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today will make less than $25,000. that is not good for our national economy, that is certainly not good for our families, and certainly not good for our children and not good for our future. so, while a high school diploma was sufficient for most of our parents generation -- and yournment, i think mentioned that yesterday -- to have access to a good life, we know that today that we have to have an educated workforce that has mainly an associates degree or a college degree or some type of relevant workforce training meet the newo minimum of what is required for today's jobs and the jobs that we are going to be looking at in the future. as a nation, we have to do a better job of providing for all of our students that opportunity to successfully be able to navigate through our education system. to make sure that they are entering into a pipeline with
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some type of either education beyond high school, or into a pipeline with a career technology field. there are too many students that are capping their own potential by limiting their access furthering into the middle class and the quality of life we want to have all of our children. several years ago, the nga launched a major initiative, and it was to have more degree completion within a workforce, within our high schools, without our colleges, with an art career -- and certainly within our career technology program. we call it complete college, america. challenge for us to be able to get more degree completion into the pipe line of our workforce. nationally, we know that just more than three quarters of our public high school students will make it to graduation. if three quarters of them make it to graduation, we know that those that continue on to post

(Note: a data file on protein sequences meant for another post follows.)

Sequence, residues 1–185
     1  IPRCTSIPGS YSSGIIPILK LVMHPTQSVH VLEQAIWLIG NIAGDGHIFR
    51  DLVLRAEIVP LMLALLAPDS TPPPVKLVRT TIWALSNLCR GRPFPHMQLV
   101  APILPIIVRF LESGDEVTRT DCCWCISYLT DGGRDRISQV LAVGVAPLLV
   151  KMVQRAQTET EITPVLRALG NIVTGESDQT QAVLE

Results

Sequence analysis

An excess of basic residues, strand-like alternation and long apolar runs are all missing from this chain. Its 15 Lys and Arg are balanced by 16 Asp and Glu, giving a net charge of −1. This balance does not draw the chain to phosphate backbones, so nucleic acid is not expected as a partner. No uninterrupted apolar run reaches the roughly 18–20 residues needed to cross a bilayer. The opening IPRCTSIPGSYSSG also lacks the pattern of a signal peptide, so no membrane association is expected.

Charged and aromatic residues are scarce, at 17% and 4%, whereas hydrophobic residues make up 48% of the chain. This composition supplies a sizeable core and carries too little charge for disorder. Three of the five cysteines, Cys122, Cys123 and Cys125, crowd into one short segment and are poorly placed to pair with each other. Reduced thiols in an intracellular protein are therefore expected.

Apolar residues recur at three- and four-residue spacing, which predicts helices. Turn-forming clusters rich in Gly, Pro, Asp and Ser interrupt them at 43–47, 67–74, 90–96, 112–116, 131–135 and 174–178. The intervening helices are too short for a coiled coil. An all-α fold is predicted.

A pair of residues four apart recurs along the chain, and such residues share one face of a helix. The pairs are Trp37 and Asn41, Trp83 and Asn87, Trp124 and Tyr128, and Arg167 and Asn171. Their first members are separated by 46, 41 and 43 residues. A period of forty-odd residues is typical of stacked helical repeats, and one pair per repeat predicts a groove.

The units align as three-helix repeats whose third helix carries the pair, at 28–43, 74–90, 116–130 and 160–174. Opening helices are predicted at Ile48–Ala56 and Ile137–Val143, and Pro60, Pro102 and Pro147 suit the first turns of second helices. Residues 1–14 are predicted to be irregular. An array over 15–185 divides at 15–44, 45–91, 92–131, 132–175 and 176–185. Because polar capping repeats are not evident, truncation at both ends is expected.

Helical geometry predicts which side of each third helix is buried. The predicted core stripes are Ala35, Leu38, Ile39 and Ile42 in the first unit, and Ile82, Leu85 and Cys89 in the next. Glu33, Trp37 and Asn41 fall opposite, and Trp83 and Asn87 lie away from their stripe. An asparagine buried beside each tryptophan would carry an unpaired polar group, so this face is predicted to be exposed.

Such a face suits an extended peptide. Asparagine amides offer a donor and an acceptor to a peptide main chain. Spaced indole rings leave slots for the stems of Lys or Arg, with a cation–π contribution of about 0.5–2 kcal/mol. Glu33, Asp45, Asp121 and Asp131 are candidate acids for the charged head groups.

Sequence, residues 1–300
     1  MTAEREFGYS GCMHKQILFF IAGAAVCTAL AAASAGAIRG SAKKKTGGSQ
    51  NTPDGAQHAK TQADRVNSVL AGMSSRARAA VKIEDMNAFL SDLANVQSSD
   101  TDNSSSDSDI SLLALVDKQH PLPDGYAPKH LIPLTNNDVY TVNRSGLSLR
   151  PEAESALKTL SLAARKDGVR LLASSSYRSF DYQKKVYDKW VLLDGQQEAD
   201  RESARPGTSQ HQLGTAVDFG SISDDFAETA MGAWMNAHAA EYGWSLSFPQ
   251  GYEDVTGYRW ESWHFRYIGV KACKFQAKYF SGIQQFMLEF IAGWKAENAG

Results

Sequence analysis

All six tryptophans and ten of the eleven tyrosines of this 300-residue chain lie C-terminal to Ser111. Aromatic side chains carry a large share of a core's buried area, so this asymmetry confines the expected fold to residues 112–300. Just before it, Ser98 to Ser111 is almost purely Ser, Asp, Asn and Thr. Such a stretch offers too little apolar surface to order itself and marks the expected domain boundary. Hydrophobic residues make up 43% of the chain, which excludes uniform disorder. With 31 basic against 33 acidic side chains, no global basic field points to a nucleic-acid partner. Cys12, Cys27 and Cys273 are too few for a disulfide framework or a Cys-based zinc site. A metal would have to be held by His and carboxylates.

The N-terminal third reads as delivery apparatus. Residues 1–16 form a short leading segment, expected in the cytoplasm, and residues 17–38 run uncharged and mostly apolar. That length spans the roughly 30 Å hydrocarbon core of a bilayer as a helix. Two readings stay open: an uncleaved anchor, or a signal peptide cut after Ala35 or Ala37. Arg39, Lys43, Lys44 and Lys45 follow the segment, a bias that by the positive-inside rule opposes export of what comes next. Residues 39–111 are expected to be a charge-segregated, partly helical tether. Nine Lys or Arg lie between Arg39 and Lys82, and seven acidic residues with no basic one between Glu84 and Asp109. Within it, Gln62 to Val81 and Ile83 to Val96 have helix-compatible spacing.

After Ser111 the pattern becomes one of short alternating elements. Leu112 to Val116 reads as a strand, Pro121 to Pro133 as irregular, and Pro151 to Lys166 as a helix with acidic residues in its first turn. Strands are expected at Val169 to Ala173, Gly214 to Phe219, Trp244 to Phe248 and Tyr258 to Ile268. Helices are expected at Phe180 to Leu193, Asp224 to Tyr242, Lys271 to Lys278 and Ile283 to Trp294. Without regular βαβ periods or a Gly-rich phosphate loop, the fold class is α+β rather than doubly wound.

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secondary education, we know that only half of them will finish that education. that makes us fall behind as a nation when you look at those international demographics as to where we fall in those rankings with the math and science and the reading skills. two thirds of the american andkforce is now working age one out of four of adults in america lack basic literally skills and also has troubles with numbers. that certainly does not help when it comes to qualifying for the type of jobs we have today. a nation, ouras challenge is governors is very clear. get more students into higher academic standards, not only within our high school systems, but we also have to help them graduate from high school. we have to help them move up into better opportunities by
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furthering their education, whether it is going into an associates degree, into a four- year college degree or beyond, or getting a workforce career certificate so they can have a career path of some sort that will help us have a more sustainable, stronger, national economic security for our nation. also have to do several things to be able to meet the challenge. in america works, this program will help us map a pathway, a roadmap, if you will, on how to achieve a stronger, more vibrant economy with a stronger, more highly educated work worse. we believe the first step we have to take as governor in a fit, is to develop a good smarter data, so we know where our workforce falls within each of our states so we can better understand what is needed by our
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employers, our industries, our association. so, we are going to work with the private sector. we also work with our state government, with all the different entities, to build collaboration between industry and business and our education pipeline, our workforce pipeline, to make sure we have the skill sets needed in america. we are also going to work on improving the quality and expanding the capacity at the education and training institutions that prepare our workforce. and then we will encourage and create innovative partnerships among our business community, our education institutions, and certainly among governments. there are so many great examples across the various states. make this initiative even a little more tangible to you. there is going to be a slide that we are going to show you. this is just oklahoma alone. we are going to give each of your state this type of analysis of data. because if you do not know where we need a roadmap of